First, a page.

I read in many posts that Julia is faster than many languages especially C++, What's the future of Julia in game development industry ? Will it replace all legacy C++ ?
As far as I am aware, Julia is not used at all in the games industry, except as a hobby language.
Firstly, you need to consider that all AAA games and AAA game engines are written in C/C++. These engines have full platform abstraction, so that you can write a game and it will run on a PC or PS4. Doing this in Julia, requires starting from scratch, which means an enormous cost for a company like Epic, in terms of learning hours (for the coders to be as competent in Julia as they are with C/C++), and actual man hours to do the actual writing of the engine. Then users of that engine also need to learn Julia to make games. Have fun justifying that to the literally hundreds of thousands of people using Unreal.
This is both unreasonably expensive, and unnecessary, when a perfectly good engine already exists, in a language that all the coders are already proficient with. In short, such an exercise would be wasteful, and provide no tangible benefit.
Secondly, All game engine coders are educated to write C/C++ from year 1. Graphics programmers are taught using the C++ DirectX or OpenGL API. Some branch out into web/mobile development and OpenGL_ES, but the vast bulk continue using C++ and the API they were taught to use. Due to the frankly enormous number of coders who were taught and continue to use C/C++, there is considerable resistance to change. It's hard to convince a dozen coders to abandon their primary language (let alone tens, or hundreds of thousands), in favour of one that is unproven in a commercial game environment.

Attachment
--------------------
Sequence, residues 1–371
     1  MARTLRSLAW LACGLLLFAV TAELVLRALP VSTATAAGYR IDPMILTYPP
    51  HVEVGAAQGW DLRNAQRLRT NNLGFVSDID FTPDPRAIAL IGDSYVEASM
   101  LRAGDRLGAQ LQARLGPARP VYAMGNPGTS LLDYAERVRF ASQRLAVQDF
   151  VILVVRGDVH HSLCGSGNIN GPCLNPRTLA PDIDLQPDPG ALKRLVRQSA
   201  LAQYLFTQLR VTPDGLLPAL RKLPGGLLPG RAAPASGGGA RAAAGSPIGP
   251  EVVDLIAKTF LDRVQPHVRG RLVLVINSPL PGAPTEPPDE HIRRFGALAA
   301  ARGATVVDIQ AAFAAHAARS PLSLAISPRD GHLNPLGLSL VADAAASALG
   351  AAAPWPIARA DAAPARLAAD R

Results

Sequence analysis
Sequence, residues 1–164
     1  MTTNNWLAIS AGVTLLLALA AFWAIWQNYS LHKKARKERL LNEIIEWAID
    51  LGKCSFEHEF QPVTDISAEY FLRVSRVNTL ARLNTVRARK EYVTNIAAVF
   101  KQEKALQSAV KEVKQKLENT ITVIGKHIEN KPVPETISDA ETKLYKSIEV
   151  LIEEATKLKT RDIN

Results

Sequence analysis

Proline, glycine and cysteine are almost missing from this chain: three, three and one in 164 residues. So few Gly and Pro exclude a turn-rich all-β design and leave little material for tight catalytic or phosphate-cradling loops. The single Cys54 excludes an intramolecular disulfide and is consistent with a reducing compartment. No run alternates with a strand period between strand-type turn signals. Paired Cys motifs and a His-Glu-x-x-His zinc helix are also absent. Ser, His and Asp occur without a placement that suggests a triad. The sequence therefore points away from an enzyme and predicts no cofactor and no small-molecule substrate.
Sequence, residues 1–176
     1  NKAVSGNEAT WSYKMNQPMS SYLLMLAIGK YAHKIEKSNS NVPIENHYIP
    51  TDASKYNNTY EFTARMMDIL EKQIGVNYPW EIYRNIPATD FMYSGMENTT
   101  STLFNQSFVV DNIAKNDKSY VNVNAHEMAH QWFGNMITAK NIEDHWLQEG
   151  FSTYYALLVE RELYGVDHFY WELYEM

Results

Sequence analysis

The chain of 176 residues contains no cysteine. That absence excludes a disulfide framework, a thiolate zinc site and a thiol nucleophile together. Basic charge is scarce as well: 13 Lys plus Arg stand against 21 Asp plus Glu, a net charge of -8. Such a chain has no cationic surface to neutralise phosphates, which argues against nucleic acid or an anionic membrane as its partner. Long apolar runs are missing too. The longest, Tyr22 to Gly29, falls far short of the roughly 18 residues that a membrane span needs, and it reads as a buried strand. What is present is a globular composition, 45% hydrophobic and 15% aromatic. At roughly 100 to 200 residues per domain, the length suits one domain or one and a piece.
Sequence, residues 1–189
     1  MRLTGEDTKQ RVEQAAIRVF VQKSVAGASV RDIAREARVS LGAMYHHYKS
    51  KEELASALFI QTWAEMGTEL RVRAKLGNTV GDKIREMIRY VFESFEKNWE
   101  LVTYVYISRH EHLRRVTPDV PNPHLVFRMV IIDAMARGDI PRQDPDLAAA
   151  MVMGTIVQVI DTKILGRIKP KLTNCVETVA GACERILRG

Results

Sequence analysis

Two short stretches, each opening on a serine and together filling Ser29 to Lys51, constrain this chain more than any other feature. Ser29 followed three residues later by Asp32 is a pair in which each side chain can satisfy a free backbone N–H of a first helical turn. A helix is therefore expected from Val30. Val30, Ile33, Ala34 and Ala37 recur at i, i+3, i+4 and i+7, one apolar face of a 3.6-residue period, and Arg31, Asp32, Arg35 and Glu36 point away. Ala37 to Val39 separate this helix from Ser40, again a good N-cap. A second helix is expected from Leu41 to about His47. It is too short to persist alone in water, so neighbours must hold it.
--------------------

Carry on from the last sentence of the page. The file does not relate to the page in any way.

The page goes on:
Thirdly, C++ as a fully established(for several decades), and proven game worthy language, has thousands of tested, fully supported libraries to allow the easy writing of games, for multiple platforms. I will guarantee you Julia has nowhere near that kind of support.
Finally, your claim that it is faster than C is not quite right. IBM have tested the computational speed of C, Cython, and Julia. In smaller scale matrix operations (common in games), Julia is indeed faster, but as the problems scale up, both C and Cython catch up in performance, until the difference is negligible.
So a language which has comparable performance, with vast support, a large professional talent base, and is directly supported for game dev, by both Microsoft and Khronos, compared to a language which has virtually none of that except a bit better performance.
I will also add that when writing code in C++, if you desperately need performance in a small block of code, you can always just write the code in assembly language, and insert a pre-processor directive to use the asm compiler, the result of which would be faster than Julia, if such performance gains were ever necessary.
But in practical truth, the vast bulk of your performance gains will be from how well you write your algorithms, which will always be affected by how well you know the language, and the fact is, more game programmers know C/C++ and so you are far more likely to get a well written game in C++ than you are in Julia.
C++ is not going to be supplanted by any other language in the game industry.